If you’re on social media, you’re probably experiencing an online echo chamber. You’re seeing content and opinions primarily posted by friends and by the media outlets you follow. Like a real-world echo chamber, these messages bounce ideas and information to you that are similar to the ones you put out into the world.
While it’s commonplace to connect with like-minded people in social settings, echo chambers are exacerbated as more social interactions shift online. You may realize that your feeds are biased, but the impact of personalization algorithms — used, for instance, by Facebook — can be subtle and multiplicative. These algorithms lead to even more personalization over time. The chambers become deeper as the algorithms and the choices users make about what to read and watch mutually reinforce each other. The trend makes it harder for dissenting views or entirely new information to permeate our online worlds, and it reinforces our own beliefs and information sources.
Many businesses conduct marketing activities and develop their brands in online environments that highly manage the content that users encounter. Executives may not be aware of the extent that algorithms are influencing this experience. Understanding the context in which messages are being delivered is a critical first step. More so, our research shows that there are ways that the echo chamber itself might be managed.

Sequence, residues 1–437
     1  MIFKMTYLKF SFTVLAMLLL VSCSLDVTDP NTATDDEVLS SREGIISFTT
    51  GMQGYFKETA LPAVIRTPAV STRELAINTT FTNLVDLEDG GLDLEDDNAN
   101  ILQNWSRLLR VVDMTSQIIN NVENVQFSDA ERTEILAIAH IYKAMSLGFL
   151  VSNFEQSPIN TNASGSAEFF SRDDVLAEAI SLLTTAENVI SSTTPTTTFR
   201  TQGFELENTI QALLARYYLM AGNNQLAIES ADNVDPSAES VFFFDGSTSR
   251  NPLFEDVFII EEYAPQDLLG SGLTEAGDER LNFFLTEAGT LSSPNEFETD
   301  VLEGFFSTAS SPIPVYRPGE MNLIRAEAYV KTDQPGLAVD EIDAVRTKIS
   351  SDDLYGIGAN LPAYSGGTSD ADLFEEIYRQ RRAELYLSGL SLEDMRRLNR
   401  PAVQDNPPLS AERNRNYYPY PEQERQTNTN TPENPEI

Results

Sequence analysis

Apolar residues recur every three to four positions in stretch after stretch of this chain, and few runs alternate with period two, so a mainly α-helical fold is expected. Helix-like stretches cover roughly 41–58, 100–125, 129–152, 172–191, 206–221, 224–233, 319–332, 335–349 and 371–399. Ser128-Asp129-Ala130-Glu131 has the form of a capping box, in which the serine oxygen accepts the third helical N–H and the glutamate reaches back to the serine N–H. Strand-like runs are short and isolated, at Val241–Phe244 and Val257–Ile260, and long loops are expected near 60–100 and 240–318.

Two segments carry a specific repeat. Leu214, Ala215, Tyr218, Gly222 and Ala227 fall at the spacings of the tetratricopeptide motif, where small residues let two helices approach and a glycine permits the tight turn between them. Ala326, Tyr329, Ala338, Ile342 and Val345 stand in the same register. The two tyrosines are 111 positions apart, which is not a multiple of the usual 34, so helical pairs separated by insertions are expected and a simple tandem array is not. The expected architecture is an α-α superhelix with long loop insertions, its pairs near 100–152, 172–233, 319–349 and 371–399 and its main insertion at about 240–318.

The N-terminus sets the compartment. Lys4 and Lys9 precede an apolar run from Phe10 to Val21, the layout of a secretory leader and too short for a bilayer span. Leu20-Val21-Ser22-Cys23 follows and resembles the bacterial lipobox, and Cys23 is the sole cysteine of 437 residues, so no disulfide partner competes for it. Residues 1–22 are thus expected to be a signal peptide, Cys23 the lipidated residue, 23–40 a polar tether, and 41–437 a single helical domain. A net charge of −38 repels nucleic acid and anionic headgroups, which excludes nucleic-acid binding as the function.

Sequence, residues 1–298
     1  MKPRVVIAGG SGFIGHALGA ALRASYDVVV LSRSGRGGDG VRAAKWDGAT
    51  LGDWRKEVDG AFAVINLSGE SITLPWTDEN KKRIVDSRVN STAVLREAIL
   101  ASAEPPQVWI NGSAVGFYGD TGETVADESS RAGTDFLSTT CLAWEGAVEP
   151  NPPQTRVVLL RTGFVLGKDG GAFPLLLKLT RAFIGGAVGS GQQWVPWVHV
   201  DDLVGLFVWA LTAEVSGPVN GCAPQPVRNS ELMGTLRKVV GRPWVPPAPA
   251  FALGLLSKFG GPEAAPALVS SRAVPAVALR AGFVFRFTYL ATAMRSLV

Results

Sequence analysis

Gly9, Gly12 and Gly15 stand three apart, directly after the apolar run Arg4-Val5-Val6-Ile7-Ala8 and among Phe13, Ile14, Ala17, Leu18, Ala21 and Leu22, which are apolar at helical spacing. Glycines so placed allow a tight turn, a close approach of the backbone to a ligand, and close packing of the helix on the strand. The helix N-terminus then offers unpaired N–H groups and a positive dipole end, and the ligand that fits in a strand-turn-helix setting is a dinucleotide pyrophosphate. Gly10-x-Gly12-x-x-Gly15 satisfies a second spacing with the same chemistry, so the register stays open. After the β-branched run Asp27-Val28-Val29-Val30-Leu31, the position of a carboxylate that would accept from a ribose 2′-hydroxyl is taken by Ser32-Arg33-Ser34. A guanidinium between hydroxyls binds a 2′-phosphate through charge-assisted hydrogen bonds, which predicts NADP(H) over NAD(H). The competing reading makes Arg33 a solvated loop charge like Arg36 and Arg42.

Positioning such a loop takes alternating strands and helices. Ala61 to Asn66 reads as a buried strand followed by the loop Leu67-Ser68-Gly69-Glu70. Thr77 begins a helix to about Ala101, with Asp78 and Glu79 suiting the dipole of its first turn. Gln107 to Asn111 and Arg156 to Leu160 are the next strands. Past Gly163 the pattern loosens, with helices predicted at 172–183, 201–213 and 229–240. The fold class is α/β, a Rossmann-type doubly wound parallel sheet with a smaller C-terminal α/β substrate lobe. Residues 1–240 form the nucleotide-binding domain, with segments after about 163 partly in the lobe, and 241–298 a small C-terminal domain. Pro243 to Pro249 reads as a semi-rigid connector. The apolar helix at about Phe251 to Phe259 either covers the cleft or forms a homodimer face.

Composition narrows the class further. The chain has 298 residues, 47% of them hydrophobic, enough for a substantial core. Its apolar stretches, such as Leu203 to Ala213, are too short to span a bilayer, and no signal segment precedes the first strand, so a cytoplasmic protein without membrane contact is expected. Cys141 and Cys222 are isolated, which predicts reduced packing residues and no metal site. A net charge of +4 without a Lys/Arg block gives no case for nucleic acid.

The Interests of the Crowd vs. the Interests of the Individual
For our research, we examined two things: the types of users most likely to get caught in content echo chambers, and the role of the content’s popularity — such as “like” counts and view counts. We created a simple online environment for content exploration that broke down search into two dimensions — content topic and content popularity. We then looked at the ways that individuals moved through the material. We observed, for instance, the weight that users placed on their own interests versus those of the crowd, and how these patterns relate to an individual’s characteristics, such as how social they regard themselves and whether they try to influence others in their social circles (what we term “opinion leaders”).
Our assumption was that users who conduct little exploration and rely more heavily on the crowd will, over time, see less diverse content. As a result, they’ll be at a higher risk of getting caught in an echo chamber.
In our experimental search environment named TED-it, 1,846 study participants explored the collection of TED talks posted on YouTube (roughly 1,600 short videos).1 Participants navigated using two buttons, Category and Popularity. The Category button allowed users to choose one of 15 content groupings and presented a list of talks in random order, without any ranking. By contrast, the Popularity button sorted the displayed search results by their number of views on YouTube — from most to least popular — or simply sorted all talks by popularity if no category was chosen. Users could click each of the buttons as many times as they like, creating a search sequence. This search journey was the object of our study.
The relationship between search patterns and viewers’ social characteristics was further determined by a series of questionnaires, which assessed users’ sociability, opinion leadership, and previous experience with TED content, along with some demographics.